Urinary tract problems: most men won’t discuss them unless you ask
ANAHEIM, CALIF. — Only about a third of men with moderate to severe lower urinary tract symptoms and evidence of an enlarged prostate intended to discuss these issues during a routine visit to their primary care physicians, according to a national, multisite study presented at the annual meeting of the American Urological Association.
Dr. Michael J. Naslund and his associates from the University of Maryland, Baltimore, distributed a questionnaire to 448 men older than age 50 years when they arrived for routine appointments at one of six primary care practices across the United States. The men were roughly evenly distributed by age, with 153 in their 50s, 151 in their 60s, and 144 in their 70s.
The men were asked the reason for their visit, their current lower urinary tract symptoms (LUTS), prior history of use of drugs and herbal remedies to treat LUTS, and whether they were planning to discuss their symptoms with the physician. A total of 42% of the men described moderate to severe LUTS on the International Prostate Symptom Score (IPSS) scale.
Upon enrollment, 48% of the men had an enlarged prostate on digital rectal examination (DRE) and 43% had a prostate-specific antigen level of 1.5 ng/ml. or greater. Two-thirds of the men had either an enlarged prostate on DRE or an elevated PSA level.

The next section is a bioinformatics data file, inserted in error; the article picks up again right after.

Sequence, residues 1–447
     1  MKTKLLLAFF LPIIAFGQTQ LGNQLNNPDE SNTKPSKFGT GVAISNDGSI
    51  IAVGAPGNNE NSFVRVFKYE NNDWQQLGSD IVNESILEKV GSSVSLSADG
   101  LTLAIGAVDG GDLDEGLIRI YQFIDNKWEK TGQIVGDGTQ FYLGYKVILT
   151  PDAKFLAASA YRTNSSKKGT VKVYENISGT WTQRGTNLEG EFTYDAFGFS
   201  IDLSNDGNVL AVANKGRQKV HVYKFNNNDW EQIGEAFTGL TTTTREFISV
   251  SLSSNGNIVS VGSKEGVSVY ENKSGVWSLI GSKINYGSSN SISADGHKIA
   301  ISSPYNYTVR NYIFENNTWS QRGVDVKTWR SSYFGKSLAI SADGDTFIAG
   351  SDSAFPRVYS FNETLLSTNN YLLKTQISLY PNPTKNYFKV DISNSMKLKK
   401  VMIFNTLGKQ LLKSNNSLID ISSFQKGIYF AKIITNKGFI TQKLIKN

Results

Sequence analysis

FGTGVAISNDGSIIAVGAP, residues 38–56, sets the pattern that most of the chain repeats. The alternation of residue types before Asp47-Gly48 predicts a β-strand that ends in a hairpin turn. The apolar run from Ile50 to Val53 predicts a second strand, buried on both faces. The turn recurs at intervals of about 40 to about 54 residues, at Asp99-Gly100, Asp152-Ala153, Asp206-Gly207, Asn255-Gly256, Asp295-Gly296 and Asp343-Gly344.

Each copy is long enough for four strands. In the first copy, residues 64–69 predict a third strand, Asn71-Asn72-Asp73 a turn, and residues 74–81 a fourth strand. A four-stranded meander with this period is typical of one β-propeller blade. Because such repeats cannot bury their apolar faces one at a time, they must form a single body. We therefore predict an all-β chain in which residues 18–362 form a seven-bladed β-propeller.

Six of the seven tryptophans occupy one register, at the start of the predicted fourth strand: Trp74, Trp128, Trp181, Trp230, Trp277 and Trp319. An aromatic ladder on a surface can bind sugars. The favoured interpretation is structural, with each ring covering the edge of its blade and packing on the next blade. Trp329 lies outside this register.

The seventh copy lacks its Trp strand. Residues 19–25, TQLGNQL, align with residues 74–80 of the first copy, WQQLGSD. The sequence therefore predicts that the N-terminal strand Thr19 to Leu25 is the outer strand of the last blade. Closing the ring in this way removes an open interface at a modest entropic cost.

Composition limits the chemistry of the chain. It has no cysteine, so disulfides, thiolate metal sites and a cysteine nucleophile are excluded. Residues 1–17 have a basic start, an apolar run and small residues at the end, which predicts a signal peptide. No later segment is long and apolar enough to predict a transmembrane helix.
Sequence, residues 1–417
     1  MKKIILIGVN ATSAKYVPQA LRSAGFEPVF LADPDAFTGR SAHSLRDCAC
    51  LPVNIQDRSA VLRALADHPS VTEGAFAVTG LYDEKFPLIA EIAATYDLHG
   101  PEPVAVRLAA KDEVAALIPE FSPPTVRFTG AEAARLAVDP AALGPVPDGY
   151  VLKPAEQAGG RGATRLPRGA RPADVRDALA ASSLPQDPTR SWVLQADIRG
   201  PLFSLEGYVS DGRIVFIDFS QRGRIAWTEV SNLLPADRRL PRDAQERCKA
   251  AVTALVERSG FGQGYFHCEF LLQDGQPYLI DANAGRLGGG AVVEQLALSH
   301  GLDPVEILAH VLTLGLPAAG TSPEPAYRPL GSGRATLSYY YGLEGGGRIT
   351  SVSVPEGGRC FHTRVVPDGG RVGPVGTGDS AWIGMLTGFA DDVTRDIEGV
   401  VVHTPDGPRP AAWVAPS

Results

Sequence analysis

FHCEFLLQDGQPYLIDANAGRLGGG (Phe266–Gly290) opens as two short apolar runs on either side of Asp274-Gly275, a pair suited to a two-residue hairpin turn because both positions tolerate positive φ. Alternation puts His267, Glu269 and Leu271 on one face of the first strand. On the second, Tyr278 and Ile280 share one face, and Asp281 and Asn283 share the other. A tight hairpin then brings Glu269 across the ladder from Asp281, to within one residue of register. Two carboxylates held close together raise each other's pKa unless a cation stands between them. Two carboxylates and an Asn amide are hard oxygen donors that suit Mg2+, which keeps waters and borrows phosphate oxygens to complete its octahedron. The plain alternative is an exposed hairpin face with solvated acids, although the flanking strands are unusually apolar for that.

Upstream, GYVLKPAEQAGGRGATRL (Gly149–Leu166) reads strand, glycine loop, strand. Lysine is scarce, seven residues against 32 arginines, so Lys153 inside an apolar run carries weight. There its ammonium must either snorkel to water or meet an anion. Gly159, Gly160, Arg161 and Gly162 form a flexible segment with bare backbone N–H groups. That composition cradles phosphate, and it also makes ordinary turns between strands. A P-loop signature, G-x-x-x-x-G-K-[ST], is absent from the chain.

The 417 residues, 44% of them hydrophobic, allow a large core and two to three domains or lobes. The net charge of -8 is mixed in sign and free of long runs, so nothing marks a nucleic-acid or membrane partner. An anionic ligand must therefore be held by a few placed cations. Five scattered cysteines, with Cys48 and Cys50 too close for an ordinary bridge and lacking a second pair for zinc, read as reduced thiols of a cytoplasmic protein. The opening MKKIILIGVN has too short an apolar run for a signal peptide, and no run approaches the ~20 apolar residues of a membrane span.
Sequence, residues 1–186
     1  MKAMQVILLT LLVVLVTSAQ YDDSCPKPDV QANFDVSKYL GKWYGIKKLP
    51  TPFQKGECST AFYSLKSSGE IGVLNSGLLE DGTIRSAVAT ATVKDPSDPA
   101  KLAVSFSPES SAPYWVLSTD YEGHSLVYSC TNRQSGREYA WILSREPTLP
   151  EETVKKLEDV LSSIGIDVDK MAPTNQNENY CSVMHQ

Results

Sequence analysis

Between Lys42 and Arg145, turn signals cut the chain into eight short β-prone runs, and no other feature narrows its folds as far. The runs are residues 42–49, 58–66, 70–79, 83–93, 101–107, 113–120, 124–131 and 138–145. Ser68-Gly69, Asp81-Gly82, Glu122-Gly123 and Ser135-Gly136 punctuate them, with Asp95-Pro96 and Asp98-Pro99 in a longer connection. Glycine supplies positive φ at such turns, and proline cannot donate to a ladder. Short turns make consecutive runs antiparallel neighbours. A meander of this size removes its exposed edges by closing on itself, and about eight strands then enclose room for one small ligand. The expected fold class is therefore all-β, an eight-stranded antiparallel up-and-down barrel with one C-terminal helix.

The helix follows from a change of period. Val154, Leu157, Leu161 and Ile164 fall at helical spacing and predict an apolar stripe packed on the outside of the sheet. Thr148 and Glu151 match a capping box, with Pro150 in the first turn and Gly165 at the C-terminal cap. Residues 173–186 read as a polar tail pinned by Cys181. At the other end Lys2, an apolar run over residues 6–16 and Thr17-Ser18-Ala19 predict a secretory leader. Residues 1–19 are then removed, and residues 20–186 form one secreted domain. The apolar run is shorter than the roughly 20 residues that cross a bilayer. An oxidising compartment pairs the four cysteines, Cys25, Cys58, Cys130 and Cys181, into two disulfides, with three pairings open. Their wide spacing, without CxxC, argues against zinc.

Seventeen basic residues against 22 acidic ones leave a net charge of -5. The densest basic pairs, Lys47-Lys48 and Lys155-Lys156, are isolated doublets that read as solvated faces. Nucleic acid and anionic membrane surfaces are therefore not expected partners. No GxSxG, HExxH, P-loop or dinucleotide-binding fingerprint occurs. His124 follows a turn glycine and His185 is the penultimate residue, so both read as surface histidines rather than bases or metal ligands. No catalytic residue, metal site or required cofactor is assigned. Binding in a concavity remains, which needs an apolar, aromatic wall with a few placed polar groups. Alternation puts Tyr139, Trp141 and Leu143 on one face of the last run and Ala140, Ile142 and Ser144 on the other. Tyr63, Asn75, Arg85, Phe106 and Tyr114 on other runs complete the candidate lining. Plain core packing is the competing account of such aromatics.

An estimated 29% of the men in the study would be considered at risk for progression of symptoms of benign prostatic hypertrophy, based on a high score on the IPSS scale and either a positive DRE or elevated PSA level.
Just 33% of men in this at-risk group–who were fairly evenly distributed by age–said they intended to discuss LUTS or prostate issues with their primary care physicians.
This finding “raises the possibility that primary care physicians may need to increase their efforts to detect men with LUTS and enlarged prostates,” said Dr. Naslund, professor of surgery and interim head of urology at the university.
Of all the men in the study, 19% had used [alpha]-blockers at some time, 4% had used 5[alpha]-reductase inhibitors, and 9% had used herbal remedies.
Nearly 50% of those with a score greater than 7 on the IPSS (0-7 mildly symptomatic, 8-19 moderately symptomatic, 20-35 severely symptomatic) had used one of these therapeutic agents.
Dr. Naslund disclosed that he is a consultant and on the speaker’s bureau for GlaxoSmithKline Inc. and Sanofi Aventis, makers of pharmaceuticals for benign prostate hypertrophy.
BY BETSY BATES
Los Angeles Bureau
COPYRIGHT 2007 International Medical News Group
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